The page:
Show, don’t tell — keep us interested

By · Wednesday, January 16th, 2019

not teaching,
still THINKING …

Comedians might “tell” jokes, but they do so with such a “show” of explicit details and colorful anecdotes that listeners can visualize what they are hearing. And that is how comedians get their laughs.

Journalists, too, use the same approach. They include anecdotes, examples and details in their storytelling because these are the elements that keep readers interested. These elements also keep a story from becoming just a recitation of statements and quotes.

Here’s a quick example of how easily it can be done.

Consider this story about a college student who came upon a quacking mother duck who was upset because her ducklings had fallen through a sewer grate. Firefighters used two “massive” crowbars to pry off the grate, but the firefighters were “too big” to fit down the opening. The student volunteered to go down, and he rescued all nine ducklings.

It’s a cute story. It could be even better.

The answers to these questions would elicit even more colorful detail to an already good story.

This example brings up another important point about the all-important anecdotes, examples and details. They naturally come out when a reporter does three key things:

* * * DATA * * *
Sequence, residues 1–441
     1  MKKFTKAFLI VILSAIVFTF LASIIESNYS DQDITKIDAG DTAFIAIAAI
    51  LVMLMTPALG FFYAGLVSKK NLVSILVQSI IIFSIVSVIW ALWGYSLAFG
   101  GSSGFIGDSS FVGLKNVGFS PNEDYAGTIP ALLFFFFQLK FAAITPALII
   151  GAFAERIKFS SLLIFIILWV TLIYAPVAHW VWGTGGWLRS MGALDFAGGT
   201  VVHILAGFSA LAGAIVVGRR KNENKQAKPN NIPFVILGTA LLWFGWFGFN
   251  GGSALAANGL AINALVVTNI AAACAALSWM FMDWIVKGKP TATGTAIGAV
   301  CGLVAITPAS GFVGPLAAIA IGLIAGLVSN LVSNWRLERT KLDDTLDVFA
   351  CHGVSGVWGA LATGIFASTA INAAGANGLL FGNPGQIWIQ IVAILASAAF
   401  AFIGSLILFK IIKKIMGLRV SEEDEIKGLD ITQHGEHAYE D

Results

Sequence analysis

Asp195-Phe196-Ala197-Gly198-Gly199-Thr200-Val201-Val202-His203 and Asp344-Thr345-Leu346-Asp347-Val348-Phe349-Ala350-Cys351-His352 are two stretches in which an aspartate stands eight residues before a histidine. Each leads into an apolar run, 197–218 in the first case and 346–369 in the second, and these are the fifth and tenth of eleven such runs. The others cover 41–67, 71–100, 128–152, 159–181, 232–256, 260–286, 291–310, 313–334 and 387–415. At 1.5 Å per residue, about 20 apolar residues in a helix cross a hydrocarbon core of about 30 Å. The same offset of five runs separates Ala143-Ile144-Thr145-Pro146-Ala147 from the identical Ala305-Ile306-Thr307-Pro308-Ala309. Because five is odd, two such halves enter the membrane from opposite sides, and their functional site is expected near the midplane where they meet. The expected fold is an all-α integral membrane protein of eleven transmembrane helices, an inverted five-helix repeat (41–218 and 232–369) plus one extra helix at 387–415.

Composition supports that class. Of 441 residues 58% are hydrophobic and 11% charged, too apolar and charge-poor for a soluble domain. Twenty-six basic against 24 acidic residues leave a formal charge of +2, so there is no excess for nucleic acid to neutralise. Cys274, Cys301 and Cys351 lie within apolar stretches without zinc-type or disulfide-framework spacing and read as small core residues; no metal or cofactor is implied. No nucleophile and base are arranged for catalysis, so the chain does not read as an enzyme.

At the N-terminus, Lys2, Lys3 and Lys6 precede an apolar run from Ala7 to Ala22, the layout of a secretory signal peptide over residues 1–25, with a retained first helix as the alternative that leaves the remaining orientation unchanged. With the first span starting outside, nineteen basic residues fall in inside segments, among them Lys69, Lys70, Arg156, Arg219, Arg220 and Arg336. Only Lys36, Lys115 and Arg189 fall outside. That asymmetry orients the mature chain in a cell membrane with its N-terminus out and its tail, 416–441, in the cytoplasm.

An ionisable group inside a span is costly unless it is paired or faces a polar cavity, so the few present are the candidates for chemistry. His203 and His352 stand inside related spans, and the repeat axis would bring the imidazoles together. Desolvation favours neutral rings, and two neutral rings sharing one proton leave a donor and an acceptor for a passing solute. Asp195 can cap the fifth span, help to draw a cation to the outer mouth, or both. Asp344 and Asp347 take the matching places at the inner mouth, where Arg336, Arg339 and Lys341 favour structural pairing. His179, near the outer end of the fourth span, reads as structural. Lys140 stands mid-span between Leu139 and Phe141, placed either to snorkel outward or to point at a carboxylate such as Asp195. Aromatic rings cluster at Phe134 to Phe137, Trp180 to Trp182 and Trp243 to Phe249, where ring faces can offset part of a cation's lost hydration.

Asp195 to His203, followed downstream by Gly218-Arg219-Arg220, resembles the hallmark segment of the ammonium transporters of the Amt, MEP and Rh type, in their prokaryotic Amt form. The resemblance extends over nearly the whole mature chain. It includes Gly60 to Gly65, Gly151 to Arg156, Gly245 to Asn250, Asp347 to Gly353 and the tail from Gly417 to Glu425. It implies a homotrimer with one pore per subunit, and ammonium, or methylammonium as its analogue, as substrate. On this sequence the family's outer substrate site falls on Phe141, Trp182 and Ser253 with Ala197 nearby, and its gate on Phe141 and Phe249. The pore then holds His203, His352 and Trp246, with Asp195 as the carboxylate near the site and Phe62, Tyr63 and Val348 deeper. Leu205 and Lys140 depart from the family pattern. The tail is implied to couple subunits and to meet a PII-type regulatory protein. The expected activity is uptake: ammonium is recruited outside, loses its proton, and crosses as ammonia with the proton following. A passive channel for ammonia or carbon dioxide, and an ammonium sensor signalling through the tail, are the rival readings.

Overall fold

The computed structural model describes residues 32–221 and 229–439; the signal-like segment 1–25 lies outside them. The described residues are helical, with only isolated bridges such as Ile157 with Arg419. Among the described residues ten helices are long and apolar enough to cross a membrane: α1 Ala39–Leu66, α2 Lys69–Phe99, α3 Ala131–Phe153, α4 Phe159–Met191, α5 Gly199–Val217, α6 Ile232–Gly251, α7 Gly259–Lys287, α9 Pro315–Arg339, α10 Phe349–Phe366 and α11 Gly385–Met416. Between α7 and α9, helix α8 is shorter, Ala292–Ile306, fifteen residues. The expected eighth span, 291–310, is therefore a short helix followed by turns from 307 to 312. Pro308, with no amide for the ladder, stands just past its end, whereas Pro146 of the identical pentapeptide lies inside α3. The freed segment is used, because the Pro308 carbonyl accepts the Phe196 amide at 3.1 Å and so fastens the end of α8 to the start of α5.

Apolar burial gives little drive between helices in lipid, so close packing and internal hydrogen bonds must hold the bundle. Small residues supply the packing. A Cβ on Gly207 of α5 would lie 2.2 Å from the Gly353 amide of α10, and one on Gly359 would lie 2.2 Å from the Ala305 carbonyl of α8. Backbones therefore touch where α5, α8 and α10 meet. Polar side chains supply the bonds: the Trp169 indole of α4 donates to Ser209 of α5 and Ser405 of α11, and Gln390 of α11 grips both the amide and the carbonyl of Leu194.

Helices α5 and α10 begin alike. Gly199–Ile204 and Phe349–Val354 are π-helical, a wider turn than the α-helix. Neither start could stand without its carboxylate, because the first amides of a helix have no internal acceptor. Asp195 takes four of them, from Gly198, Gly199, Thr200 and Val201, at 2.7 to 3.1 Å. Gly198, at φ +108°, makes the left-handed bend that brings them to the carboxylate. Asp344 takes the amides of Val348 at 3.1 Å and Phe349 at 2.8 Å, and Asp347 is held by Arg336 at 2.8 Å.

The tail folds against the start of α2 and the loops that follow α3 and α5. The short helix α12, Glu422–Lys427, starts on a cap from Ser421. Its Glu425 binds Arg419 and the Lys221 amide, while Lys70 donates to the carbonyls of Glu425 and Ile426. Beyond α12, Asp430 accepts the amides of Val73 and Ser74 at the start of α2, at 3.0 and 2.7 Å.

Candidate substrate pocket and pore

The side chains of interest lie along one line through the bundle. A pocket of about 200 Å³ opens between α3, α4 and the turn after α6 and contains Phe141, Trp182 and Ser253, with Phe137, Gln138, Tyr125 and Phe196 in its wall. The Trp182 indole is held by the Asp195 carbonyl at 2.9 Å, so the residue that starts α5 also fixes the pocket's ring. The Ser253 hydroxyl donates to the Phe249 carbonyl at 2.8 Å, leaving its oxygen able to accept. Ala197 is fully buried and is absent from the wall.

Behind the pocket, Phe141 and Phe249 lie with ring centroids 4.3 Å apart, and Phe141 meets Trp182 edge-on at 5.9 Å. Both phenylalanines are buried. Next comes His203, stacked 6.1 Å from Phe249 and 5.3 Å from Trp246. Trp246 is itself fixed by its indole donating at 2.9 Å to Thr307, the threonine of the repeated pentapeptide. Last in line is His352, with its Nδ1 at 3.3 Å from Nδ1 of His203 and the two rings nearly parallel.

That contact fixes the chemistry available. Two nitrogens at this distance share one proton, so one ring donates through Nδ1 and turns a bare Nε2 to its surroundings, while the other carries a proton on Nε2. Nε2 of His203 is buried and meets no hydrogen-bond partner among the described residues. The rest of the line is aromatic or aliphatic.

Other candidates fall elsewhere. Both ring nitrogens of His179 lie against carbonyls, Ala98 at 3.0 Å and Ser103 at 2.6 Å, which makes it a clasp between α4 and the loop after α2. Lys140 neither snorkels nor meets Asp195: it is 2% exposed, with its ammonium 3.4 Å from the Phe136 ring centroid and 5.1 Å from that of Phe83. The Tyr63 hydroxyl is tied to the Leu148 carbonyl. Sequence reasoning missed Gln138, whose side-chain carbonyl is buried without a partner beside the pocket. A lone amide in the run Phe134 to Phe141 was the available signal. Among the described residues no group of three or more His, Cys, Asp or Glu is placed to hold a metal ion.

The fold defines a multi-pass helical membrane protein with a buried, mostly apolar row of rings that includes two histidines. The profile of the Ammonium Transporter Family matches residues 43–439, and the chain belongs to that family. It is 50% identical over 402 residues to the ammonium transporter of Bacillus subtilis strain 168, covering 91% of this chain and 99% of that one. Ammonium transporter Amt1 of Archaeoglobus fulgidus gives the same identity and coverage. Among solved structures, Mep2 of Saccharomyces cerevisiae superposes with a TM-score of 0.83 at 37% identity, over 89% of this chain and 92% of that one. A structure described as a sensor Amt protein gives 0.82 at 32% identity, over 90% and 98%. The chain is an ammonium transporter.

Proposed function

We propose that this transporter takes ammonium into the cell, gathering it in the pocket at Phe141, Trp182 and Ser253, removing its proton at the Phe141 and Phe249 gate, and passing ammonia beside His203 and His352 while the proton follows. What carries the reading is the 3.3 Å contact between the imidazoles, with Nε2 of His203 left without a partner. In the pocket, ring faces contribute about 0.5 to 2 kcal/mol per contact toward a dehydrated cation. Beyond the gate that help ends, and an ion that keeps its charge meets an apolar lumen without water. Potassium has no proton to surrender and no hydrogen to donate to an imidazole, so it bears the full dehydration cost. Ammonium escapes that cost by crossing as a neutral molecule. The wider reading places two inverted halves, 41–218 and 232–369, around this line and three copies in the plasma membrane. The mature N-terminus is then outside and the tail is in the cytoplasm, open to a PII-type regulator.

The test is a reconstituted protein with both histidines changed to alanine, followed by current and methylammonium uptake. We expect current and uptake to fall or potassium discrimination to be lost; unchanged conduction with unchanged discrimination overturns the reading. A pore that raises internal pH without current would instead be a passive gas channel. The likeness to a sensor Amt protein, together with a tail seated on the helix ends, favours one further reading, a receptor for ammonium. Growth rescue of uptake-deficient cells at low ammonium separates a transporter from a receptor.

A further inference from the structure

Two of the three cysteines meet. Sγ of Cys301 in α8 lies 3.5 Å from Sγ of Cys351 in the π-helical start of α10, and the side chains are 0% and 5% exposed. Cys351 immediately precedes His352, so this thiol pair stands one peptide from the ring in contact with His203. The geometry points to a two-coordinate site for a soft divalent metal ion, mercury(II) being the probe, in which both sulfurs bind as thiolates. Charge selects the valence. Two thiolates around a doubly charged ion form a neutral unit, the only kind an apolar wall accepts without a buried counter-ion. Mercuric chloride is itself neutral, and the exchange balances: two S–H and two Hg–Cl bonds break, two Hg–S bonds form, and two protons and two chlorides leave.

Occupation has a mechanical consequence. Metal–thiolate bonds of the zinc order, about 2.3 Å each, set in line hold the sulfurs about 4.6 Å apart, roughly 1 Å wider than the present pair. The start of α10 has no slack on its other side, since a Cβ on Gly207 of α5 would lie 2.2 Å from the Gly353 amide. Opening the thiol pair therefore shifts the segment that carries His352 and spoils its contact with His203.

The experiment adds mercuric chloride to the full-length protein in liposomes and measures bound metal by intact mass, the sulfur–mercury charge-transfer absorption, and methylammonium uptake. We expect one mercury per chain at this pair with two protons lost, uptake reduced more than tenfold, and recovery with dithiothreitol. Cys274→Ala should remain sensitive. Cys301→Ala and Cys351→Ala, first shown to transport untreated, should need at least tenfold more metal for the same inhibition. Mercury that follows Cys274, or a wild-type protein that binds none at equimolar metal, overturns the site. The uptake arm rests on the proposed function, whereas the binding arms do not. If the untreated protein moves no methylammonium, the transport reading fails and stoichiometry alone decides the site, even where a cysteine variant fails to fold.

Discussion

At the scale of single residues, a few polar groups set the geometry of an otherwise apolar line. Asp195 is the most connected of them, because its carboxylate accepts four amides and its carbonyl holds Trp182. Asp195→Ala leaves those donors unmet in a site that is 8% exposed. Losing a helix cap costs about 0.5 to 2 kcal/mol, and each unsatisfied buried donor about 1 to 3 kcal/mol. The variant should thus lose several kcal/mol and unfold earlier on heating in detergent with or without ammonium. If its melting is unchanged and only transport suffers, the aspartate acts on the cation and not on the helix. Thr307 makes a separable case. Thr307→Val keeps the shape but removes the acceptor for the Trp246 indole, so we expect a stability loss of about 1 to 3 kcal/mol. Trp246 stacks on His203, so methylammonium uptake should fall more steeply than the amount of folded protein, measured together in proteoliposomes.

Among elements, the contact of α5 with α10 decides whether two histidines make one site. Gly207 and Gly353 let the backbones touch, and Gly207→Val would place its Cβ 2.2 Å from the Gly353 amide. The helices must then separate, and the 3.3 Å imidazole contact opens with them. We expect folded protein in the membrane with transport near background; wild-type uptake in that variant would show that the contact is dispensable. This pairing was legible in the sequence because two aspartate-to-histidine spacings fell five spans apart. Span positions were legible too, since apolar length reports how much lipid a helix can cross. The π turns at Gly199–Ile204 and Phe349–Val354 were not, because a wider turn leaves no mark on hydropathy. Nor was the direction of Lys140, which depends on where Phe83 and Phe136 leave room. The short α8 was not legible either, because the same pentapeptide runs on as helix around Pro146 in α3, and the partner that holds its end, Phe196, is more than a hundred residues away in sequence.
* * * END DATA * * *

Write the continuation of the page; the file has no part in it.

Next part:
Anecdotes are short stories that help readers to visualize information.

Examples and details add information, description and support; they answer questions that readers raise as they are reading.

Storytellers were using these colorful essentials to bring vivid images to their work long before this became such a visual world. Now it’s your turn to keep us interested.

(These two profs are no longer teaching at Syracuse University’s Newhouse School, but we are still thinking.)


“Examples, details and anecdotes” — that has become my mantra to students ever since I first heard those words uttered by professor Davis. In addition to making a story far more compelling, the quest for examples, details and anecdotes can also help you understand whether your sources are telling the truth or engaging in hyperbole. For instance, if someone accuses someone else of inappropriate conduct, it is only with details — what specifically was said? who else was in the room? where and when specifically did this occur — that we can collect information that we can then verify or debunk.